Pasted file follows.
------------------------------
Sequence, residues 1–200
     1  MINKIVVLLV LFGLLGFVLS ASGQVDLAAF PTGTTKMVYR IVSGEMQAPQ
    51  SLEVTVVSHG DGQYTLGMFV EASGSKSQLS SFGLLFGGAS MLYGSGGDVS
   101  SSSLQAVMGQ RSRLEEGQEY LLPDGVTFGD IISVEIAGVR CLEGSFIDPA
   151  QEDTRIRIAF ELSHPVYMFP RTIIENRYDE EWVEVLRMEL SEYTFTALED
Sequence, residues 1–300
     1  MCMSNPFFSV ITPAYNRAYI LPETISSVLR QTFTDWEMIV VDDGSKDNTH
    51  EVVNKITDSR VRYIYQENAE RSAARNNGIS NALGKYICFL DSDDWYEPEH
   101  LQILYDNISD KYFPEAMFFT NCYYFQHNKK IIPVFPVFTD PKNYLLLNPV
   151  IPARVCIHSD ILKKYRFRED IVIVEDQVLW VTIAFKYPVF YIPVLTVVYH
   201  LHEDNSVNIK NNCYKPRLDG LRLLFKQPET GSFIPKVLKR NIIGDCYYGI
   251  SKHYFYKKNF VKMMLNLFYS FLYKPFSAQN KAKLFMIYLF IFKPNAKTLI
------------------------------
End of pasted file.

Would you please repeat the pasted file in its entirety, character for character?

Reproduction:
Sequence, residues 1–200
     1  MINKIVVLLV LFGLLGFVLS ASGQVDLAAF PTGTTKMVYR IVSGEMQAPQ
    51  SLEVTVVSHG DGQYTLGMFV EASGSKSQLS SFGLLFGGAS MLYGSGGDVS
   101  SSSLQAVMGQ RSRLEEGQEY LLPDGVTFGD IISVEIAGVR CLEGSFIDPA
   151  QEDTRIRIAF ELSHPVYMFP RTIIENRYDE EWVEVLRMEL SEYTFTALED
Sequence, residues 1–300
     1  MCMSNPFFSV ITPAYNRAYI LPETISSVLR QTFTDWEMIV VDDGSKDNTH
    51  EVVNKITDSR VRYIYQENAE RSAARNNGIS NALGKYICFL DSDDWYEPEH
   101  LQILYDNISD KYFPEAMFFT NCYYFQHNKK IIPVFPVFTD PKNYLLLNPV
   151  IPARVCIHSD ILKKYRFRED IVIVEDQVLW VTIAFKYPVF YIPVLTVVYH
   201  LHEDNSVNIK NNCYKPRLDG LRLLFKQPET GSFIPKVLKR NIIGDCYYGI
   251  SKHYFYKKNF VKMMLNLFYS FLYKPFSAQN KAKLFMIYLF IFKPNAKTLI